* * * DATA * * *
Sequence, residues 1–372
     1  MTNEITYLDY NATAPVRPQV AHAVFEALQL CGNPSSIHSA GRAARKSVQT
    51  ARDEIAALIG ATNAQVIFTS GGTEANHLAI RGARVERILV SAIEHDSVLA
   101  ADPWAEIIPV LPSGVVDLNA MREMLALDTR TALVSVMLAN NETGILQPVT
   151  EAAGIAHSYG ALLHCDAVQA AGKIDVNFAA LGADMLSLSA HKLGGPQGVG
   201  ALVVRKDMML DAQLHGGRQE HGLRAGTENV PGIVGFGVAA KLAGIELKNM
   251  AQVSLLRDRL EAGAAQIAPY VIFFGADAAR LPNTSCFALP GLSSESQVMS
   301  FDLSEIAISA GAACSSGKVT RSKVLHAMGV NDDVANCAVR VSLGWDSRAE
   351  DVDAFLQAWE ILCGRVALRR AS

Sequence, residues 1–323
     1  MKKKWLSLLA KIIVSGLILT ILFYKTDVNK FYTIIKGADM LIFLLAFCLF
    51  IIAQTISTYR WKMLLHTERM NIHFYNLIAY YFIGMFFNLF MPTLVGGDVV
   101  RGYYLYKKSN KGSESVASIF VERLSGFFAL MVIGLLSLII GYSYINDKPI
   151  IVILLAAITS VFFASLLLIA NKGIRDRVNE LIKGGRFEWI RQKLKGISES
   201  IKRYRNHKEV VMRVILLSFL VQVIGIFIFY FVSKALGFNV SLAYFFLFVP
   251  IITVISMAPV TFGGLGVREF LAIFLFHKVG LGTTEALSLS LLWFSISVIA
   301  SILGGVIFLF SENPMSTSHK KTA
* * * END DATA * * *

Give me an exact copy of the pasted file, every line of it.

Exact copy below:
Sequence, residues 1–372
     1  MTNEITYLDY NATAPVRPQV AHAVFEALQL CGNPSSIHSA GRAARKSVQT
    51  ARDEIAALIG ATNAQVIFTS GGTEANHLAI RGARVERILV SAIEHDSVLA
   101  ADPWAEIIPV LPSGVVDLNA MREMLALDTR TALVSVMLAN NETGILQPVT
   151  EAAGIAHSYG ALLHCDAVQA AGKIDVNFAA LGADMLSLSA HKLGGPQGVG
   201  ALVVRKDMML DAQLHGGRQE HGLRAGTENV PGIVGFGVAA KLAGIELKNM
   251  AQVSLLRDRL EAGAAQIAPY VIFFGADAAR LPNTSCFALP GLSSESQVMS
   301  FDLSEIAISA GAACSSGKVT RSKVLHAMGV NDDVANCAVR VSLGWDSRAE
   351  DVDAFLQAWE ILCGRVALRR AS

Sequence, residues 1–323
     1  MKKKWLSLLA KIIVSGLILT ILFYKTDVNK FYTIIKGADM LIFLLAFCLF
    51  IIAQTISTYR WKMLLHTERM NIHFYNLIAY YFIGMFFNLF MPTLVGGDVV
   101  RGYYLYKKSN KGSESVASIF VERLSGFFAL MVIGLLSLII GYSYINDKPI
   151  IVILLAAITS VFFASLLLIA NKGIRDRVNE LIKGGRFEWI RQKLKGISES
   201  IKRYRNHKEV VMRVILLSFL VQVIGIFIFY FVSKALGFNV SLAYFFLFVP
   251  IITVISMAPV TFGGLGVREF LAIFLFHKVG LGTTEALSLS LLWFSISVIA
   301  SILGGVIFLF SENPMSTSHK KTA